In short, Sai Krisha highlighted that the E2E harness helps you test your plugin’s compatibility, functionality, and performance within the more significant software.
This topic was taken up by the other speaker, Srinivasan, who followed the same method of explaining his case. Srinivasan started explaining what Driver E2E Test Suites are and how it works. He used a scenario: If you’re building a driver to connect different system components, you must ensure it works smoothly and efficiently. This is where “Driver End-to-End (E2E) Test Suites” come into play.
He further broke down the explanation into two simple steps:
Driver: Your code that helps connect different parts of a system.
E2E Test Suites: These are organized tests covering all aspects of your driver’s functions.
Comprehensive Testing: The E2E test suites include a variety of tests to check your driver’s behavior and performance thoroughly.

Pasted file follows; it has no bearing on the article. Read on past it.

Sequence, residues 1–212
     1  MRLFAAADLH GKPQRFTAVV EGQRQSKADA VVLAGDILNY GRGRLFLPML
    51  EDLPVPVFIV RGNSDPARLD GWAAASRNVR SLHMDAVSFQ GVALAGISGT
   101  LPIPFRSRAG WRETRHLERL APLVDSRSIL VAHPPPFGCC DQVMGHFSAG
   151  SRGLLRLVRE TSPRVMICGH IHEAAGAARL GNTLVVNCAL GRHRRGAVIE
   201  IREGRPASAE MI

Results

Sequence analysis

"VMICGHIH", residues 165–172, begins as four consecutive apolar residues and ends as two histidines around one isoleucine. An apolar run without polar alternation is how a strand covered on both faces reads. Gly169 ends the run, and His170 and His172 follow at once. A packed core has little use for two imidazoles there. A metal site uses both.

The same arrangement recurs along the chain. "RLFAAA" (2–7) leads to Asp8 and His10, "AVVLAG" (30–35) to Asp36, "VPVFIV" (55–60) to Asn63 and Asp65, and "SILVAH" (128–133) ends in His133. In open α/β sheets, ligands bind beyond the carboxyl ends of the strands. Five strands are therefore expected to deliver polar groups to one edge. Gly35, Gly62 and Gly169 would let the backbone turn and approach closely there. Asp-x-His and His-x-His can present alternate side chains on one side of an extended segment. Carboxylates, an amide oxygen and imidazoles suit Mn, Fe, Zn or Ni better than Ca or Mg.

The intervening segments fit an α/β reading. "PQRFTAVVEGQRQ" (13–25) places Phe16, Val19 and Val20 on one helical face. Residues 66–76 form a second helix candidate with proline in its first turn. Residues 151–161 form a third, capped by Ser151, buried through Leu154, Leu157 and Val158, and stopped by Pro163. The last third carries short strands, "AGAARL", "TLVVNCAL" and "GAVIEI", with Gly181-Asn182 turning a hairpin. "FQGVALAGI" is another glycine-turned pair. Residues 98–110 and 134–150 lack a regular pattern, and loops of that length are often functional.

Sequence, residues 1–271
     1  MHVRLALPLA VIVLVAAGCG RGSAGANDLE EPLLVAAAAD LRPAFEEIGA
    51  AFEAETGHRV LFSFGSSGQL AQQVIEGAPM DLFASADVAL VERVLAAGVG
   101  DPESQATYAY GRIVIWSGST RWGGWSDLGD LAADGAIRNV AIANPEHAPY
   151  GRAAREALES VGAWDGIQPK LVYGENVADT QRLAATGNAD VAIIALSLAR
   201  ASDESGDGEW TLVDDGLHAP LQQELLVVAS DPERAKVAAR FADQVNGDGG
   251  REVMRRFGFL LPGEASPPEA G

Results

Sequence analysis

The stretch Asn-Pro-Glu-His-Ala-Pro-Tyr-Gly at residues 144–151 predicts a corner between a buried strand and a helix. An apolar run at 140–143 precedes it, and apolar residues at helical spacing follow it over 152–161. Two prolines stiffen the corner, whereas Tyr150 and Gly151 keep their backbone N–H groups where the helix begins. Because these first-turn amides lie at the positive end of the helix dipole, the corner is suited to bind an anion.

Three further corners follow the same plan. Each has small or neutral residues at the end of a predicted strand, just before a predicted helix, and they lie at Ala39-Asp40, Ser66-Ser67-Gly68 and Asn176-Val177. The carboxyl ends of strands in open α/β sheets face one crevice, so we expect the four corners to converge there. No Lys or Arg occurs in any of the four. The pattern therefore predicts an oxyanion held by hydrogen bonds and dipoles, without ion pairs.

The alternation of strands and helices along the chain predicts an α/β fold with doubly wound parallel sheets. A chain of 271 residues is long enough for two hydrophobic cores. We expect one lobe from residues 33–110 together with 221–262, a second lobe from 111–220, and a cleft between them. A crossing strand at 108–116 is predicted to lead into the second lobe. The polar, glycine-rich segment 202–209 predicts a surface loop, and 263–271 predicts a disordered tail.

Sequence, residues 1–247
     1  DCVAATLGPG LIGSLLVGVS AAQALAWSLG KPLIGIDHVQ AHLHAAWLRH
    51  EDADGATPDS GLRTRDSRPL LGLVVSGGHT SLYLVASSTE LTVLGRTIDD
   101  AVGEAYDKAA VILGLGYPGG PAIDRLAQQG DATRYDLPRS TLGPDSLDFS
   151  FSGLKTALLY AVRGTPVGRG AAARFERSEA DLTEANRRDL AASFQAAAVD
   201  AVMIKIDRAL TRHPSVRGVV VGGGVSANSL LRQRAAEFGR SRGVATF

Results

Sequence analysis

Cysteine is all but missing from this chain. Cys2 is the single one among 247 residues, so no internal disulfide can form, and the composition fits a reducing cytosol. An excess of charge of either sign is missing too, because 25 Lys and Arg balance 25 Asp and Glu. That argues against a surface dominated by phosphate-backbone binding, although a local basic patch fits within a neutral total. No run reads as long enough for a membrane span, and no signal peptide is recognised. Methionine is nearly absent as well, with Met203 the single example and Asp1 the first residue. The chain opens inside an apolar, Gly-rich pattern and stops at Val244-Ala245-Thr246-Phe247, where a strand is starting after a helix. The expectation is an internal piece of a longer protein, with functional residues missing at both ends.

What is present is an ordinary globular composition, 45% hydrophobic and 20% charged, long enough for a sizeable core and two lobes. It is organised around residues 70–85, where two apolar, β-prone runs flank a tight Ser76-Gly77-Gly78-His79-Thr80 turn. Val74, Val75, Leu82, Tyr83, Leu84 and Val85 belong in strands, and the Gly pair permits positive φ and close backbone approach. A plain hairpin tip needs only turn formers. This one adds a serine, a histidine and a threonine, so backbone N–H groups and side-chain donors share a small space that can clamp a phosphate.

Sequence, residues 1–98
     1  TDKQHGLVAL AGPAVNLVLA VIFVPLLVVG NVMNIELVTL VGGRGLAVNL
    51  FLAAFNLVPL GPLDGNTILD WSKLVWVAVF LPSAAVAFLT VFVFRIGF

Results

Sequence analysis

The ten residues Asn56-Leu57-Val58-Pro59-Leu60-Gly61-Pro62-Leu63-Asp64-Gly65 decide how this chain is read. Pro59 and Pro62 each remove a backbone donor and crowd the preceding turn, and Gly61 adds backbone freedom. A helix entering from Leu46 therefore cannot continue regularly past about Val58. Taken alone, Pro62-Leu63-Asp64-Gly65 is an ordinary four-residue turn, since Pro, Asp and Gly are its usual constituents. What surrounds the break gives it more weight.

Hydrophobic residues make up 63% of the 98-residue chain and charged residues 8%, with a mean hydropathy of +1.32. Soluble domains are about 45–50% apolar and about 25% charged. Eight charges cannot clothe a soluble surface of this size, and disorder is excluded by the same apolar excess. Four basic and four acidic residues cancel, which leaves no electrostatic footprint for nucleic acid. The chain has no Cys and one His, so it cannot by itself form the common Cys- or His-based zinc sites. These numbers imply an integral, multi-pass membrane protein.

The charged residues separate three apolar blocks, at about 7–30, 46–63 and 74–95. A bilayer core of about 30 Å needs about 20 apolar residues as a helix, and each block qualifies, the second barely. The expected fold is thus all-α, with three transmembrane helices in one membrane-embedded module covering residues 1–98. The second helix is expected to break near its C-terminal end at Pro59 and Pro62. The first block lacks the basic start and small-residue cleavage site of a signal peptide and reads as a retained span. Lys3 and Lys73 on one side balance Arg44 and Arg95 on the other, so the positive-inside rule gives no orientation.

Scenarios: They cover different scenarios your driver might face during actual use.
Interactions: The tests mimic how other system parts interact with your driver.
Results Analysis: The test suites automatically evaluate if your driver responds as expected and handles situations correctly.
Driver E2E Test Suites ensure your driver works well in real-world situations and doesn’t cause problems when integrated with the rest of the system.
Test Scenario: Modify the findElement, which can flicker first and then perform an action on it.
Further proceeding with this, Sai Krishna highlighted that since Appium does not provide any template, with eight years of contribution, Sai Krishna and Srinivasan have built an Appium plugin template to simplify the developer’s work. Here’s the link to the GitHub Appium plugin template.
Srinivasan took up the test scenario with the existing template of the Appium plugin.
A step-by-step process starting with cloning the template via the GitHub command git clone.